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What scares me is the realization that moral change mostly doesn't happen via "deliberation" or "reflection" but instead through this kind of tolerance/intolerance, social pressure, implicit/explicit threats, physical coercion, up to war. I guess the way it works is that some small vanguard gets convinced of a new morality through "reason" (in quotes because the reasoning that convinces them is often quite terrible, and I think they're also often motivated by implicit considerations of the benefits of being a moral vanguard), and by being more coordinated than their (initially more numerous) opponents, they can apply pressure/coercion to change some people's minds (their minds respond to the pressure by becoming true believers) and silence others or force them to mouth the party line. The end game is to indoctrinate everyone's kids with little resistance, and the old morality eventually dies off.

It seems to me like liberalism shifted the dynamics towards the softer side (withholding of association/cooperation as opposed to physical coercion/war, tolerance/intolerance instead of hard censorship) but the overall dynamics really isn't that different as far as reason/deliberation/reflection playing only a minor role in how moral change happens. In other words, life under liberalism is more pleasant in the short run, but it doesn't really do much to ensure long term moral progress, which I think explains why we're seeing a lot of apparent regress recently.

ETA: Also, to the extent that longtermists and people like me (who think that it's normative to have high moral uncertainty) are not willing to spread our views through these methods, it probably means our views will stay unpopular for a long time.

I like Scott Alexander's discussion of symmetric vs asymmetric weapons. Symmetric weapons lead to an unceasing battle, which as you said has at least become less directly violent, but whose outcomes are more or less a random walk. But asymmetric weapons pull ever so slightly toward, well, a weakly extrapolated volition of the players on both sides.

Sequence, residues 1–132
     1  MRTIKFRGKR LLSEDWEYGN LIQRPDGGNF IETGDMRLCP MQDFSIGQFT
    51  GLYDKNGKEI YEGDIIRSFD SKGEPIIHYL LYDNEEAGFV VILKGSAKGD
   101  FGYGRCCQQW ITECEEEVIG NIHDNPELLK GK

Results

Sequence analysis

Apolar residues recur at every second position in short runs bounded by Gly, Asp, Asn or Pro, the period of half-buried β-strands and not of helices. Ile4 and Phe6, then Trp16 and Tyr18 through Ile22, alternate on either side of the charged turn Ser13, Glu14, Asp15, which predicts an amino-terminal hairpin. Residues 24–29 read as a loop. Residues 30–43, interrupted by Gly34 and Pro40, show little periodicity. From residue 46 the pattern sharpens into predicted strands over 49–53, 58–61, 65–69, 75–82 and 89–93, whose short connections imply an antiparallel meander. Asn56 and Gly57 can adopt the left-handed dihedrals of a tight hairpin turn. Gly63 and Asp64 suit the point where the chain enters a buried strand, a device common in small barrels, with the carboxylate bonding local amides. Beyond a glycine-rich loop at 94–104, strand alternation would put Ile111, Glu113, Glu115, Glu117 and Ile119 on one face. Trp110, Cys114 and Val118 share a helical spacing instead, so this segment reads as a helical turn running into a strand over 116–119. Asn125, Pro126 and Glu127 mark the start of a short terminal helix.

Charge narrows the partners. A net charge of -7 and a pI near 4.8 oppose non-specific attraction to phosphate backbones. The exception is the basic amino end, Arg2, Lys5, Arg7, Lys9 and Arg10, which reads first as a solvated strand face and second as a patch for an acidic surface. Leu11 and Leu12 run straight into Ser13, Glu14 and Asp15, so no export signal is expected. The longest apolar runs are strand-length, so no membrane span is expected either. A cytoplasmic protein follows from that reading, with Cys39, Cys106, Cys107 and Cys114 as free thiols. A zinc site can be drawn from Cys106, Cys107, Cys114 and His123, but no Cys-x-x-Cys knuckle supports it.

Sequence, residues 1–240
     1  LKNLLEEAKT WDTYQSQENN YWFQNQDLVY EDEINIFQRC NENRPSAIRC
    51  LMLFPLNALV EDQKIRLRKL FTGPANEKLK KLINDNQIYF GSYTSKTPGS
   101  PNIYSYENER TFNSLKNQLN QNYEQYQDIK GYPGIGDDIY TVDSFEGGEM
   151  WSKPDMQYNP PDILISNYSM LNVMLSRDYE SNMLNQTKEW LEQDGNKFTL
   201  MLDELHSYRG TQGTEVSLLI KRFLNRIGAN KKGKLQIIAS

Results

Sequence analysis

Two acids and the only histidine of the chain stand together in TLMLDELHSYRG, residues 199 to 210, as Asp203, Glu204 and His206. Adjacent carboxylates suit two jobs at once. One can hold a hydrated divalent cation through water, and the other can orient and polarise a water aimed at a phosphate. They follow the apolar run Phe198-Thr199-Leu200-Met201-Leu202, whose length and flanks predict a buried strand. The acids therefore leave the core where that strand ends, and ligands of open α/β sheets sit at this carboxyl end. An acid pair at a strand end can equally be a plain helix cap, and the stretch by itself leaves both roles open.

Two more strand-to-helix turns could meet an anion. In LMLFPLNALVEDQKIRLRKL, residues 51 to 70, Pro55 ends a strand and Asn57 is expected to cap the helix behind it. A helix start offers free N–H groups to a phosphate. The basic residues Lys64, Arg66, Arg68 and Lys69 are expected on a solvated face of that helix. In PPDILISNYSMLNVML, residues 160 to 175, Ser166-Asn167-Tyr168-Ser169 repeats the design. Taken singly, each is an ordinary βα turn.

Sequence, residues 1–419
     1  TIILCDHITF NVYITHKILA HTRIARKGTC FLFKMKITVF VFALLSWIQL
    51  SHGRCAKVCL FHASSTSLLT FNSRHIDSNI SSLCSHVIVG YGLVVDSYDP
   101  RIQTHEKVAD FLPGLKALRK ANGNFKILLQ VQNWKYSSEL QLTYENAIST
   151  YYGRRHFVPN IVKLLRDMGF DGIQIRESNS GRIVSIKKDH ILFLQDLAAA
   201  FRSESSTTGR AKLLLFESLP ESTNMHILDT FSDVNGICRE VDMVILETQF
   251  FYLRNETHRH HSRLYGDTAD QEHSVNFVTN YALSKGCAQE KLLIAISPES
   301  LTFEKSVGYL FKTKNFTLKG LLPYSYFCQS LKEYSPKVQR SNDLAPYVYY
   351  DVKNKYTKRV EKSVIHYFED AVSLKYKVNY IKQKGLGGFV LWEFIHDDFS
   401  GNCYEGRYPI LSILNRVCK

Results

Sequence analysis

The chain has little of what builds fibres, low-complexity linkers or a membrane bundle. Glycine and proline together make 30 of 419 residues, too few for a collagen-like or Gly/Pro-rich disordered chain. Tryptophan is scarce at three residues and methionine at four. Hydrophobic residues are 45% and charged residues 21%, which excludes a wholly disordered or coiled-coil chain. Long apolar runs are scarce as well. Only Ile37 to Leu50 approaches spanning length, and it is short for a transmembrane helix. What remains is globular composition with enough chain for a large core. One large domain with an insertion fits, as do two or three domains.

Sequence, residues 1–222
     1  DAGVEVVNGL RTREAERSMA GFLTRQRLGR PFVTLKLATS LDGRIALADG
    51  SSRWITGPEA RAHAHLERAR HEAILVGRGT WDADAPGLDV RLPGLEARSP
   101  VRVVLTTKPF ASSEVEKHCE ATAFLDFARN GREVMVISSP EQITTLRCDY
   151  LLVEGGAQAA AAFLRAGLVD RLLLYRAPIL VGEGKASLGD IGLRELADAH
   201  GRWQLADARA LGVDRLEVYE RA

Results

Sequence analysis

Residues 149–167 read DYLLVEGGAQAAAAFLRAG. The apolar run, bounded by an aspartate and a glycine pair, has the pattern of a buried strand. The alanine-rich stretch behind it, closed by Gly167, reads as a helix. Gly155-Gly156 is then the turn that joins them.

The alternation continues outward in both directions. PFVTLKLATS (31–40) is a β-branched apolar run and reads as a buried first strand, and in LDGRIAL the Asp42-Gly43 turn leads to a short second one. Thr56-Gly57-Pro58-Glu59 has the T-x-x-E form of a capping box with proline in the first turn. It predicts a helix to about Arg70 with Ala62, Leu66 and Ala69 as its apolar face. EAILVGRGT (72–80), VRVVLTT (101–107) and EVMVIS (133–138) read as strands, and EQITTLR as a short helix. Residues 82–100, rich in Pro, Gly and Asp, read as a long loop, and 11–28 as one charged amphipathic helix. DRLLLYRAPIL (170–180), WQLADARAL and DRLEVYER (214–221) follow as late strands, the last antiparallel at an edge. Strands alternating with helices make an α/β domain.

Brownian motion plus a small term looks just like Brownian motion until you look a long ways back and notice the unlikeliness of the trend. The arc of the moral universe is long, etc.

(Of course, in this century we very probably don't have the luxury of a long arc...)

That's a good point, but aside from not having the luxury of a long arc, I'm also worried about asymmetric weapons coming online soon that will work in favor of bad ideas instead of good ones, namely AI assisted persuasion and value lock-in. Basically, good ideas should keep their hosts uncertain and probably unwilling to lock in their own values and beliefs or use superintelligent AI to essentially hack other people's minds, but people under the influence of bad ideas probably won't have such compunctions.

ETA: Also, some of the existing weapons are already asymmetric in favor of bad ideas. Namely the more moral certainty you have, the more you're willing to use social pressure / physical coercion to spread your views. This could partly explain why moral uncertainty is so rare.

The very concept of moral uncertainty is pretty foreign to the vast majority of humanity.  Tolerance and forbearance wax and wane in popularity, but actually acknowledging that you don't know what's best just doesn't happen. 

The association transitivity is applied on the individual level rather than on the ideas of the individuals. Most individual's beliefs and thoughts may remain almost static through time, and maybe it became the default level of association transitivity because of it.

As you said that actually being uncertain really doesn't happen because the development of concrete world view is important for survival as the person grows up from childhood. Schools certainly don't focus much on uncertainty itself. It has to be derived from the individual's own willingness to seek out alternatives and develop the habit of uncertainty mindset by reading a bit too much.